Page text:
Father’s duty to maintain his unmarried daughters, including his duty to provide for their marriage is clearly recognized by the law.

To analyse the provisions of the Hindu Adoption and Maintenance Act, Court relied on the Bombay High Court decision on Kusum v. Krishnaji, 2008 SCC OnLine Bom 28 and Jasmeet Kaur Talwar v. Gurjit Singh Talwar, 2014 SCC OnLine Del 6576.

In light of the above decisions, Court noted that the two daughters – who have attained majority, are also entitled to maintenance amount for their wedding expenditures.

Quantum of Maintenance

The simple fact that the respondent could travel, drive expensive cars, place expensive advertisements to promote his business, amongst others, and make no expenditure on his 3 children who were being raised solely by the Appellant-wife, shows his poor conduct and role as a father.

Simply stating that the daughters are major and earning an income, without adducing how, and how much, is a non sequitur.

High Court elaborated stating that for the last 11 odd years, the Appellant-wife had been providing for the children. Simply because she has done so and is presently also presumably doing so, cannot relieve the Respondent- husband from his obligations as a father.

Therefore, Bench directed that an amount of Rs 35 lakhs be paid towards marriage expenses of the elder daughter, 50 lakhs for the marriage of younger daughter as she was not earning any income and was dependent on her parents for the expenses of her marriage, that was already scheduled.

Court’s interaction with the Respondent in Chamber:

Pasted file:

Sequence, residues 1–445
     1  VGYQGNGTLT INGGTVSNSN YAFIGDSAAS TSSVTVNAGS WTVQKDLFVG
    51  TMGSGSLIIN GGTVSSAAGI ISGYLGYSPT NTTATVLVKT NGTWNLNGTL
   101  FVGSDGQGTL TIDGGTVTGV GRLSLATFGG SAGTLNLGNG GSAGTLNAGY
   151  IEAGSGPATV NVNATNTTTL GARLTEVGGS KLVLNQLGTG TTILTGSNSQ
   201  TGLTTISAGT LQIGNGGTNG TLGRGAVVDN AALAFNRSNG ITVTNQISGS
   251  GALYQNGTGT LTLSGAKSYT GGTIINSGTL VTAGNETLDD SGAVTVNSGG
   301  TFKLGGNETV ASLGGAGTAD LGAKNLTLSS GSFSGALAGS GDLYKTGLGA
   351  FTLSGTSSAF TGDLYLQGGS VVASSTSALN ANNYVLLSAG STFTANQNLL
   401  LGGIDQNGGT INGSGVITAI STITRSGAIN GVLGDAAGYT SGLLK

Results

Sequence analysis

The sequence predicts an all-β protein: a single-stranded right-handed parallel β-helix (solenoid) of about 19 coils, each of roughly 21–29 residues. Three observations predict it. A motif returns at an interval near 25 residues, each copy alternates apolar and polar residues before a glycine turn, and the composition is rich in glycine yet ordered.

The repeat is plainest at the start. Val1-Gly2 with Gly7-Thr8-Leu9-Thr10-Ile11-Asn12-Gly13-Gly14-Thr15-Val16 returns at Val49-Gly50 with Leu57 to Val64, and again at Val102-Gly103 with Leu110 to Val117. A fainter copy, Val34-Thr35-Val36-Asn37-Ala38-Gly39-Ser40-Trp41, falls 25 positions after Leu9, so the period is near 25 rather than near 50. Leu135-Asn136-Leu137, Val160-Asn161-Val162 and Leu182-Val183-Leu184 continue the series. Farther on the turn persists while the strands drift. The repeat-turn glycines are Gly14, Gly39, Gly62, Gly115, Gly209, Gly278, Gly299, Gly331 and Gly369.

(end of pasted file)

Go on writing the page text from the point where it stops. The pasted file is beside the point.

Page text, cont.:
Bench observed that he carried within himself some amount of hurt and anger in relation to his daughters. During our interaction, he also claimed that he did not receive the respect that he was entitled to as a father. We could observe that his reluctance to provide for his unmarried daughters stemmed from his anger and ego, more than anything else.

High Court sincerely hoped that the Respondent and his daughters would make the required effort to restore their relationship, even if their parents have fallen apart.

We are hopeful that the appellant would also play a positive role in bridging the gap between the Respondent and his daughters – who are now grown-up, and there is no reason for her to come in the way of the relationship of his daughters and their father. We, therefore, expect that as and when the daughters of the parties get married, the Respondent would happily participate in the functions, and the appellant, the children and other family members would respectfully and gracefully, with love & affection, welcome him to the functions and facilitate his participation in the functions wholeheartedly.

[Poonam Sethi v. Sanjay Sethi, 2022 SCC OnLine Del 69, decided on 7-1-2022]

Advocates before the Court:

For the appellant: Bhuvan Mishra, Advocate with Appellant-in-person

For the respondent: Anshul Narayan and Sourabh Pahwa, Advocates with respondent-in-person

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One comment

  • The Delhi High Court’s decision to order a father to pay for his unmarried daughter’s matrimonial expenses is a progressive and significant step towards recognizing that financial responsibility doesn’t end with a daughter’s education or employment. It acknowledges the often overlooked fact that even working daughters may face financial constraints when it comes to marriage. This ruling emphasizes the importance of supporting daughters in all aspects of life, ensuring their well-being, and challenging traditional assumptions about gender roles and financial obligations within families. It’s a welcome move towards gender equality and financial empowerment for women.